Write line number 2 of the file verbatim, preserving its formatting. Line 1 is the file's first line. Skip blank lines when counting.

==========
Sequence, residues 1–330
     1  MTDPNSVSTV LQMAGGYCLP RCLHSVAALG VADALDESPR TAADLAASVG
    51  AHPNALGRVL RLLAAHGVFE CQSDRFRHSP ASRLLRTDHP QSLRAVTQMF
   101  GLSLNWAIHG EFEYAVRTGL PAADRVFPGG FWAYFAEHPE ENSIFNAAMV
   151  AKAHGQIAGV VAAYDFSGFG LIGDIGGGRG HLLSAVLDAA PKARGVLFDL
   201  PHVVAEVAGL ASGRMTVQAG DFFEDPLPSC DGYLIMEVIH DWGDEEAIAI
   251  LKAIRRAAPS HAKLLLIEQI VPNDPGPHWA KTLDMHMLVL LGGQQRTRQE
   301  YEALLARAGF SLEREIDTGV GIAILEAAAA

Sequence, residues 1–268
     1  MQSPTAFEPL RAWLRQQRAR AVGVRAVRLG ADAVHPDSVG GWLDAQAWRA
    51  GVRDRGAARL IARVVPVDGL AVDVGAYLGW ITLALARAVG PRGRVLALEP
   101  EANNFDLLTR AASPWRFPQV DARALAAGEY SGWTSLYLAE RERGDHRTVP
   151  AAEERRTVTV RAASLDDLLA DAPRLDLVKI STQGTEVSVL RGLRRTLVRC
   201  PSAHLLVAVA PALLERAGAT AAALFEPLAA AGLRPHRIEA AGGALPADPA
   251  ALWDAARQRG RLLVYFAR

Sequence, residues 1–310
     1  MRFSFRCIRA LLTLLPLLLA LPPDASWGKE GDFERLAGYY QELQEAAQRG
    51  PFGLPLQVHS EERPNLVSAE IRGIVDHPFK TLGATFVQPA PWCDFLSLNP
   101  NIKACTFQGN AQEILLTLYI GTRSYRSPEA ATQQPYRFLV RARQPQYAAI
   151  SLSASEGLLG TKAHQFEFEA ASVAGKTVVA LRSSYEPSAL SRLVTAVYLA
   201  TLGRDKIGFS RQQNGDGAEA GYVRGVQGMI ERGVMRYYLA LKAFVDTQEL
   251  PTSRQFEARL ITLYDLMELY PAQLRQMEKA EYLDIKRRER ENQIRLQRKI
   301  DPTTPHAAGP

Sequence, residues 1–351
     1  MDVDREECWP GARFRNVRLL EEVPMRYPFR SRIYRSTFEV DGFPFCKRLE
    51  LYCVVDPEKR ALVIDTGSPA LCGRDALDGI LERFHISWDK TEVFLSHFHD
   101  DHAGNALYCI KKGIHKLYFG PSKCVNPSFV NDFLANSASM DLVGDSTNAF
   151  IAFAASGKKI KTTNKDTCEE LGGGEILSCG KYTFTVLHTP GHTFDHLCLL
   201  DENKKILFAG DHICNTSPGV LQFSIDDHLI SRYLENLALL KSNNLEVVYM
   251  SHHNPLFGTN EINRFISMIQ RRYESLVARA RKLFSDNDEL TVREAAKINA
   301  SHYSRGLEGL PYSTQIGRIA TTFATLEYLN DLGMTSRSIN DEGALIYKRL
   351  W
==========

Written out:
     1  MTDPNSVSTV LQMAGGYCLP RCLHSVAALG VADALDESPR TAADLAASVG